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http://dx.doi.org/10.1103/PhysRevE.102.052406 | DOI Listing |

November 2020

Front Comput Neurosci 2020 30;14:55. Epub 2020 Jun 30.

Center for Computational Biology, Flatiron Institute, New York, NY, United States.

Normative models of neural computation offer simplified yet lucid mathematical descriptions of murky biological phenomena. Previously, online Principal Component Analysis (PCA) was used to model a network of single-compartment neurons accounting for weighted summation of upstream neural activity in the soma and Hebbian/anti-Hebbian synaptic learning rules. However, synaptic plasticity in biological neurons often depends on the integration of synaptic currents over a dendritic compartment rather than total current in the soma. Motivated by this observation, we model a pyramidal neuronal network using online Canonical Correlation Analysis (CCA). Given two related datasets represented by distal and proximal dendritic inputs, CCA projects them onto the subspace which maximizes the correlation between their projections. First, adopting a normative approach and starting from a single-channel CCA objective function, we derive an online gradient-based optimization algorithm whose steps can be interpreted as the operation of a pyramidal neuron. To model networks of pyramidal neurons, we introduce a novel multi-channel CCA objective function, and derive from it an online gradient-based optimization algorithm whose steps can be interpreted as the operation of a pyramidal neuron network including its architecture, dynamics, and synaptic learning rules. Next, we model a neuron with more than two dendritic compartments by deriving its operation from a known objective function for multi-view CCA. Finally, we confirm the functionality of our networks via numerical simulations. Overall, our work presents a simplified but informative abstraction of learning in a pyramidal neuron network, and demonstrates how such networks can integrate multiple sources of inputs.

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http://dx.doi.org/10.3389/fncom.2020.00055 | DOI Listing |

http://www.ncbi.nlm.nih.gov/pmc/articles/PMC7338892 | PMC |

June 2020

Nat Commun 2018 03 6;9(1):977. Epub 2018 Mar 6.

Department of Organismic and Evolutionary Biology, Harvard University, Cambridge, MA, 02138, USA.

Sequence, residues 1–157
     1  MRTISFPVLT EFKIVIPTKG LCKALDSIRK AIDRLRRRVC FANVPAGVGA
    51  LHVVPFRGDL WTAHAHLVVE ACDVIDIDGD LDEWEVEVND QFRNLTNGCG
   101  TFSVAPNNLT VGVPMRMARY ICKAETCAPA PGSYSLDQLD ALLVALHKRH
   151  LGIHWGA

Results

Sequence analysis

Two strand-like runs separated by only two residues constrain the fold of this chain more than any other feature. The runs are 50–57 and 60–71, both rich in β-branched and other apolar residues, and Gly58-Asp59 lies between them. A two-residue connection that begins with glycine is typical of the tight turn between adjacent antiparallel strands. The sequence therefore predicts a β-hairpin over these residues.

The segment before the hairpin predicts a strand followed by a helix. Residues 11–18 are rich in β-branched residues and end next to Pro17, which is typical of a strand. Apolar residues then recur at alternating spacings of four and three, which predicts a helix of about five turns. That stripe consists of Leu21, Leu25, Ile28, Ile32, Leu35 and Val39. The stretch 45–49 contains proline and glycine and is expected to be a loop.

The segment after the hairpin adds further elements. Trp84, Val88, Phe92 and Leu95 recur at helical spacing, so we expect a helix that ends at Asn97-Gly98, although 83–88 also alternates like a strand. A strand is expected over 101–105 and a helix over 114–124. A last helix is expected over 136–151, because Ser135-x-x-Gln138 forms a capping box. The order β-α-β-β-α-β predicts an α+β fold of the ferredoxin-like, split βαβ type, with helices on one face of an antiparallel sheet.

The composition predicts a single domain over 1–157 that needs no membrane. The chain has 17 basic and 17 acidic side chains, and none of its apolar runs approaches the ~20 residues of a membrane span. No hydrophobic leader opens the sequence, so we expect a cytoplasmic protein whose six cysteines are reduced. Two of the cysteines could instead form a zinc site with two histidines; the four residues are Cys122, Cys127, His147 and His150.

Temporally precise movement patterns underlie many motor skills and innate actions, yet the flexibility with which the timing of such stereotyped behaviors can be modified is poorly understood. To probe this, we induce adaptive changes to the temporal structure of birdsong. We find that the duration of specific song segments can be modified without affecting the timing in other parts of the song. We derive formal prescriptions for how neural networks can implement such flexible motor timing. We find that randomly connected recurrent networks, a common approximation for how neocortex is wired, do not generally conform to these, though certain implementations can approximate them. We show that feedforward networks, by virtue of their one-to-one mapping between network activity and time, are better suited. Our study provides general prescriptions for pattern generator networks that implement flexible motor timing, an important aspect of many motor skills, including birdsong and human speech.

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http://dx.doi.org/10.1038/s41467-018-03261-5 | DOI Listing |

http://www.ncbi.nlm.nih.gov/pmc/articles/PMC5840308 | PMC |

March 2018

Neural Comput 2018 01 28;30(1):84-124. Epub 2017 Sep 28.

Center for Computational Biology, Flatiron Institute, New York, NY 10010, U.S.A., and NYU Langone Medical Center, New York 10016, U.S.A.

Modeling self-organization of neural networks for unsupervised learning using Hebbian and anti-Hebbian plasticity has a long history in neuroscience. Yet derivations of single-layer networks with such local learning rules from principled optimization objectives became possible only recently, with the introduction of similarity matching objectives. What explains the success of similarity matching objectives in deriving neural networks with local learning rules? Here, using dimensionality reduction as an example, we introduce several variable substitutions that illuminate the success of similarity matching. We show that the full network objective may be optimized separately for each synapse using local learning rules in both the offline and online settings. We formalize the long-standing intuition of the rivalry between Hebbian and anti-Hebbian rules by formulating a min-max optimization problem. We introduce a novel dimensionality reduction objective using fractional matrix exponents. To illustrate the generality of our approach, we apply it to a novel formulation of dimensionality reduction combined with whitening. We confirm numerically that the networks with learning rules derived from principled objectives perform better than those with heuristic learning rules.

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http://dx.doi.org/10.1162/neco_a_01018 | DOI Listing |